Standardization is the key to successful, efficient and economic detailing, the benefits of which are incalculable. It will reduce errors in the workshop and on site during erection and speed up the entire process from concept to commissioning.
There are two main steps to standardization, the first may be outside of the realm of the detailer, but it’s something he or she should be aware of because it will have an impact on how the detailing process is planned and implemented.
The second however is where the steel detailer can make a significant contribution - and make life easier for not only his or herself but for the fabricator and on-site erection team
Make the structure as far as possible, symmetrical by:
- Keeping the column sizes and centers equal – this will promote symmetry for the floor plans
- Keeping the floors and level elevations consistent – it’s not unusual for the first floor elevation above ground level to differ from the general floors, but this is perfectly acceptable.
Maintaining the remaining levels will simplify and enable column splice joints to be standardized together with the vertical stabilizing system (Bracing, Shear-Walls, etc…)
- Reducing the variation of beam sizes and spans – equal column centers will go a long way in achieving this.
For beam sizes, select the worst case and reuse it wherever possible – even if it will be over-designed in some cases, (within reason of course).
Achieving a symmetrical layout may increase the overall weight of the structure especially if some of the members are over-designed, but it must be kept in mind that the lightest possible steel structure is not necessarily the most economical.
The raw materials account for only 30 – 35% of the total project costs, while workshop fabrication can amount to the same. Site erection can account for between 10 and 15%, while coatings, fire protection, transport and engineering services make up the ‘other’ costs.
|Raw Materials||30 - 35%|
|Fabrication||30 - 35%|
|Erection||10 - 15%|
|Other||15 - 30%|
Standardize the Connection Components
Connections, in general, will account for less than 5% of the total tonnage of the structure, but will account for as much as 35% of the fabrication costs – so any advantage gained here will have a significant effect on the financial viability of any project – this is where the detailer comes into his or her own.
The following is a simple guide:
- Limit the connection options. Choose one and stick with it for the entire project, whether it be End-Plates, Cleats, or Fin-Plates. It’s never a good idea to mix-and-match connection types, standardization creates repetition which is beneficial to the fabrication process, it will also go some way in reducing the ‘learning-curve’ apparent at the beginning of the site-erection process. There may be instances where it’s unavoidable or even desirable, but this should be regarded as an exception.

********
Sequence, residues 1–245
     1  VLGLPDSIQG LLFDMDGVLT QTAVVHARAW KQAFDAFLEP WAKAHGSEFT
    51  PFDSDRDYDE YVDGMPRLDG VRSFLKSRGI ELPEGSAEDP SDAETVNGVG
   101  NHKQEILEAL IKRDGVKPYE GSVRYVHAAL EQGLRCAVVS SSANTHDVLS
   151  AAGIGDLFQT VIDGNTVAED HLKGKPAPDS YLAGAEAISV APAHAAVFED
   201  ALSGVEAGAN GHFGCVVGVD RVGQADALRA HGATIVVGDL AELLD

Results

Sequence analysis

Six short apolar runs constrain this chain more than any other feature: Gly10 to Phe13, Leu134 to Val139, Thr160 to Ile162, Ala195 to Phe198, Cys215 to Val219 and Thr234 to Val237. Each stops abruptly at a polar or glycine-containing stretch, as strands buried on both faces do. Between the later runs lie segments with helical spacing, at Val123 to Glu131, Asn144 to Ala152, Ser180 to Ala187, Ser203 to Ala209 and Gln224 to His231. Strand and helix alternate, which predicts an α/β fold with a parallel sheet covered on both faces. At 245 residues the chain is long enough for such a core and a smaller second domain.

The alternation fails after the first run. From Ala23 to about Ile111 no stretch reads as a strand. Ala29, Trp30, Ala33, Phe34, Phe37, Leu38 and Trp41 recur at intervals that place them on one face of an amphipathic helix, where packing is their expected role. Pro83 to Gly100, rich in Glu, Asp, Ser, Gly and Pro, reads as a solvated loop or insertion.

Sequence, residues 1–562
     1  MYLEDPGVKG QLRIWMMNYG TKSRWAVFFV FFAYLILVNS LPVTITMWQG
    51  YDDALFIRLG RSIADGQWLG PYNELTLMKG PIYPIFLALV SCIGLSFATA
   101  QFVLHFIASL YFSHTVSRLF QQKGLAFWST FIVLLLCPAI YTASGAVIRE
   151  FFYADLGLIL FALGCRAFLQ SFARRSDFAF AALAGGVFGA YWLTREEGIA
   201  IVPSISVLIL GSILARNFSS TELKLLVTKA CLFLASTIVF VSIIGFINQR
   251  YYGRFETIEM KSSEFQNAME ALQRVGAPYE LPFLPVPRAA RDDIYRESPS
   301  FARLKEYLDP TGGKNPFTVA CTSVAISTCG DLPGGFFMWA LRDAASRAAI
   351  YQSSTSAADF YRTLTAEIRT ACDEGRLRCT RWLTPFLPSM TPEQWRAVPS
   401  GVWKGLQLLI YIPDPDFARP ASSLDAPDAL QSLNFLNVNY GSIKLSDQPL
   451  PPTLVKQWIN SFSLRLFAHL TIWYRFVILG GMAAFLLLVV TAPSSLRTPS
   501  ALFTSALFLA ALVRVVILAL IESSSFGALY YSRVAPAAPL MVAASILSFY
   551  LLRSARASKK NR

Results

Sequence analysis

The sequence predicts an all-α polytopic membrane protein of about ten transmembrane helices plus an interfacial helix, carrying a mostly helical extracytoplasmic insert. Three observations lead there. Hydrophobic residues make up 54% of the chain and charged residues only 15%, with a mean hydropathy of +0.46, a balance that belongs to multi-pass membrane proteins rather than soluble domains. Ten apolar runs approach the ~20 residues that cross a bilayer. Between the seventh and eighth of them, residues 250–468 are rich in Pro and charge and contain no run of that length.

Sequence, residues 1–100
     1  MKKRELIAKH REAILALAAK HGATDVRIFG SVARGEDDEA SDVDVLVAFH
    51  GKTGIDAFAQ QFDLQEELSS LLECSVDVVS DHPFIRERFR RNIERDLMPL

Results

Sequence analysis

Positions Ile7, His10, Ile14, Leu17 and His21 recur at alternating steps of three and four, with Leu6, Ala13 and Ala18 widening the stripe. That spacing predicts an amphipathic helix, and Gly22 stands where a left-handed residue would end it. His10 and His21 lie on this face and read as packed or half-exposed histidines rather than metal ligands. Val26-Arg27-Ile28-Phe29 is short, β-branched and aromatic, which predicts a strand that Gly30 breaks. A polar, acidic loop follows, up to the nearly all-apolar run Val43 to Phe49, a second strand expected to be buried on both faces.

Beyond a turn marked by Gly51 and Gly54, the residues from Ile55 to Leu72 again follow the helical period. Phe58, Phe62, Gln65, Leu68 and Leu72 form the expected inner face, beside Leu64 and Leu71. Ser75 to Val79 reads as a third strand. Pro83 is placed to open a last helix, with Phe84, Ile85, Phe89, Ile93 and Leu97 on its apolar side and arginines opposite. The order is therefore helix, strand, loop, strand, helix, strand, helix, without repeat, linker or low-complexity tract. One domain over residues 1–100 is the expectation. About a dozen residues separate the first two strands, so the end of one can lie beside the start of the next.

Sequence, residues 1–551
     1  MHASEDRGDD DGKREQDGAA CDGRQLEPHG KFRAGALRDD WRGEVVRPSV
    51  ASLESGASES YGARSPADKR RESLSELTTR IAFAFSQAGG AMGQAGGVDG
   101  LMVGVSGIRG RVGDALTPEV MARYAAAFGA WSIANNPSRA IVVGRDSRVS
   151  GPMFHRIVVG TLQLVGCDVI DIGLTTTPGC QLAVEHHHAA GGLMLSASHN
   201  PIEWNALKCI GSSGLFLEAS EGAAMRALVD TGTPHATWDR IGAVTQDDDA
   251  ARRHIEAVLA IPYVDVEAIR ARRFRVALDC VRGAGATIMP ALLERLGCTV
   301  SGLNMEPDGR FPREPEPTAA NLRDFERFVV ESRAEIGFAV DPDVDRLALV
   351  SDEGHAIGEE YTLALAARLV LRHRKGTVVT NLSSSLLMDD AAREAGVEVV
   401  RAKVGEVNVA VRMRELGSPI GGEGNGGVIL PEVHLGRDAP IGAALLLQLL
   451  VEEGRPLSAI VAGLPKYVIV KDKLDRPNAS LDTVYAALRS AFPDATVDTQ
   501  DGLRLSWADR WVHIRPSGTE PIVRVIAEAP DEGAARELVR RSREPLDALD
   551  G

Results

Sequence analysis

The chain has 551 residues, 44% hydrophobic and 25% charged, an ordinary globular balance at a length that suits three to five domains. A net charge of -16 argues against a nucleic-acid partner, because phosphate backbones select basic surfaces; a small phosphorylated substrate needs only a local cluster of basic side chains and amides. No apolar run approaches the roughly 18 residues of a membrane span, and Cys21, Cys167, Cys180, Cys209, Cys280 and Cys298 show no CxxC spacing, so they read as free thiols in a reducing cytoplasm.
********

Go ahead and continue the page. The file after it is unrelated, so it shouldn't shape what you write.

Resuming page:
Refer to the Connection Guide which demonstrates the advantages and disadvantages of each of the widely applied connection options, which include:
- Wherever possible, use standard ‘Flats’ for End-Plates and Fin-Plates, meaning they can be simply cut to length, reducing off-cuts and wastage. If the project is detailed using 3D Modelling and Detailing software, then this may not necessarily be a great advantage - the software should be able to optimize the cutting and profiling.
- Choose one bolt-diameter and stick with it as far as possible for the entire project. This will mean the workshop can set-up for production without having to continually stop to change drills or punches, it will also benefit the erector who won’t have to have multiple wrench sizes on-hand in order to tighten joints.
- Never mix Bolt-Grades. It will inevitably mean that at some point the wrong bolt will be placed in the wrong position. Where slip-resistant or HSFG bolts are to be used it’s a good idea to mark the bolt group with a marker or dab of paint being careful not to contaminate the joint mating surfaces.
- Consider using fully-threaded bolts, it will ensure fewer variations on bolt length. Just take into account the thread will be within the Shear-Plane of the joint.
- Standardize the Edge-Distances which are a function of the bolt diameter. For connections designed to resist shear only, the vertical edge distance should not be less than 2 x the bolt-diameter, while the horizontal distance should not be less than 1.5 x the bolt-diameter.
- Standardize the horizontal bolt-hole Pitch, which has been set at - 140 / 90 and 70 mm
- Standardize the vertical bolt-hole pitch, which, like the gauge, is a function of the bolt diameter. For flexible connections it should not be less than 3 x the bolt-diameter
- Standardize the Notch or ‘Cope’ This will enable the determination of the distance between the top of the beam and the first row of bolts. The notch depth and length are a function of the dimensional properties of the supporting beam. (Sometimes but rarely, they may be a function of the connecting beam)
Moment Connections are not quite so straightforward, they will be specified and designed by the responsible engineer – but that’s not to say they cannot be standardized to some extent.
Bracing Connections will depend on the angle of the bracing, but if the structure is set out with symmetry in mind – standardization should be achieved without too much trouble.